The Roles of Ancestor Veneration in Biblical Land Claims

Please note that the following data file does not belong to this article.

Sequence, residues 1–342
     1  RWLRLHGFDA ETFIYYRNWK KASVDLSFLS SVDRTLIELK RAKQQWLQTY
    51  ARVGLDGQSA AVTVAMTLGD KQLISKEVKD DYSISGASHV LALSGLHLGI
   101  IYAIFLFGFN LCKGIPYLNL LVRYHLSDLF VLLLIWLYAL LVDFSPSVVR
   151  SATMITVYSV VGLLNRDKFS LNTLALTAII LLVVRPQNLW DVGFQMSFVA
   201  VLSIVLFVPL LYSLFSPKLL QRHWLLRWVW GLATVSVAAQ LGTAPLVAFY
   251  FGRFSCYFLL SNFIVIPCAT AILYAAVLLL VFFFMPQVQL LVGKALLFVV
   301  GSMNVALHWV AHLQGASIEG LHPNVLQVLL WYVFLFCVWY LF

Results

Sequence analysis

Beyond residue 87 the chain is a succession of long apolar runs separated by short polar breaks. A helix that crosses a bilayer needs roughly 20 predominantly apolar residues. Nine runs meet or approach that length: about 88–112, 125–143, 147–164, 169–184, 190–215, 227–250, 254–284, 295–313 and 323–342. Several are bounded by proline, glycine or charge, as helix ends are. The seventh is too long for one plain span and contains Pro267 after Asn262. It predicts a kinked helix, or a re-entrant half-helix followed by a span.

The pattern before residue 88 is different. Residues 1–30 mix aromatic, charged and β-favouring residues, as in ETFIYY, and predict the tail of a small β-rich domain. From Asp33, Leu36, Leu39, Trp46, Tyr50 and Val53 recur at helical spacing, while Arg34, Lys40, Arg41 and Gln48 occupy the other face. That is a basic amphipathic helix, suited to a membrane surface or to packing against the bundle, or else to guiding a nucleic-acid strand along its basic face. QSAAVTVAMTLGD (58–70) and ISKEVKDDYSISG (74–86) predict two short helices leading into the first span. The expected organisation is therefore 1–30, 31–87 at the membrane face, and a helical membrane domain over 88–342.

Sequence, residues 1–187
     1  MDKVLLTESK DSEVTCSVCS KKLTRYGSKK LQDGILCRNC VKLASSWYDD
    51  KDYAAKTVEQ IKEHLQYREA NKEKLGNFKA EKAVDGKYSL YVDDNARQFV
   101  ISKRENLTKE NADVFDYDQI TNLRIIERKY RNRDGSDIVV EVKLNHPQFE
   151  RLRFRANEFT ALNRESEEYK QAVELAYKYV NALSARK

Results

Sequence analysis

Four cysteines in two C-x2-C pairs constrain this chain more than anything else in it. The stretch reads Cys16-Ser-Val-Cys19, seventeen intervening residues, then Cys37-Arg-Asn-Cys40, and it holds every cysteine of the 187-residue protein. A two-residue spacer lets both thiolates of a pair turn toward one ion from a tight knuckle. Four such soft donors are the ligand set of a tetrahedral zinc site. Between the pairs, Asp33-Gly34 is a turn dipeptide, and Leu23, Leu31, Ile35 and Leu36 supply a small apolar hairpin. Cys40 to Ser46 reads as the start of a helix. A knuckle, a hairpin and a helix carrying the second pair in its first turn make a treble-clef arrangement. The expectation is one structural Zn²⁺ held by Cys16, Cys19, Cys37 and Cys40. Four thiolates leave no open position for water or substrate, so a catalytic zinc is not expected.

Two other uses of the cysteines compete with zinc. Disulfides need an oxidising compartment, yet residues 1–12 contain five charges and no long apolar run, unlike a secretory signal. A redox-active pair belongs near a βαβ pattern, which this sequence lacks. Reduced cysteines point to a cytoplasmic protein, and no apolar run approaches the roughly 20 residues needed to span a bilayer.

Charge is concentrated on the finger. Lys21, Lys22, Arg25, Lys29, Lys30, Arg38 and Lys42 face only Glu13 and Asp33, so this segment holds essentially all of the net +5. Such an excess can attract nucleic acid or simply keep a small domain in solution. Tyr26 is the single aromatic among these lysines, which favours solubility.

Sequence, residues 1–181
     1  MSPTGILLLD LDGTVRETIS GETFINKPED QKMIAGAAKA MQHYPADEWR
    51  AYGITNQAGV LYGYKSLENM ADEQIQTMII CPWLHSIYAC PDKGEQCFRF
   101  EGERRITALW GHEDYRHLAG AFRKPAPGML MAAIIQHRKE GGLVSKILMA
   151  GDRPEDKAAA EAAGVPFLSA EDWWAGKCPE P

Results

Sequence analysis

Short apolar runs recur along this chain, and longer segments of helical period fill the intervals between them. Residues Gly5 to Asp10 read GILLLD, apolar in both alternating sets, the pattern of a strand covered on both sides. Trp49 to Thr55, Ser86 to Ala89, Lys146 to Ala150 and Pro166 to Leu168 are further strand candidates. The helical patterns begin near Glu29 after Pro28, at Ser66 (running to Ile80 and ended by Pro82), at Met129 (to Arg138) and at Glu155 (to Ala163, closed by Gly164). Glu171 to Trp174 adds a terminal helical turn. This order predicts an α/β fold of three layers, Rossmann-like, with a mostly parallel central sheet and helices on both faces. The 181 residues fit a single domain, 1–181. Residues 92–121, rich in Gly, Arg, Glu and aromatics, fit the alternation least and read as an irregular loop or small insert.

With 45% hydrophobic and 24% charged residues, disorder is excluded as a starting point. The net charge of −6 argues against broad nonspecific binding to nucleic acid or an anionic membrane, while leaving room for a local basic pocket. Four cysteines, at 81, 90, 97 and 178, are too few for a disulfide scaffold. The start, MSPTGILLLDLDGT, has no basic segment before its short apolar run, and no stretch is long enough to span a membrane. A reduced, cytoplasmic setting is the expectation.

This project, directed by Professor Francesca Stavrakopoulou, examined some of the ways in which the writers of the Hebrew Bible appeal to the dead and their graves to endorse, promote, challenge or subvert territorial claims by the living. In many traditional societies—including those of ancient Israel and Judah—beliefs and practices bound up with mortuary rites, corpse treatment, ancestor worship and cults of the dead are often closely related to land tenure and territoriality. In this project, socio-anthropological, archaeological and historical-critical perspectives were used to re-view biblical portrayals of the past in order to identify, highlight and analyse the ways in which the Hebrew Bible uses concepts of the territoriality of the dead to support its ideological and theological agendas. Within this context, the biblical traditions about the tomb of Abraham, the lost grave of Moses, the temple at Bethel and the city of Jerusalem were explored.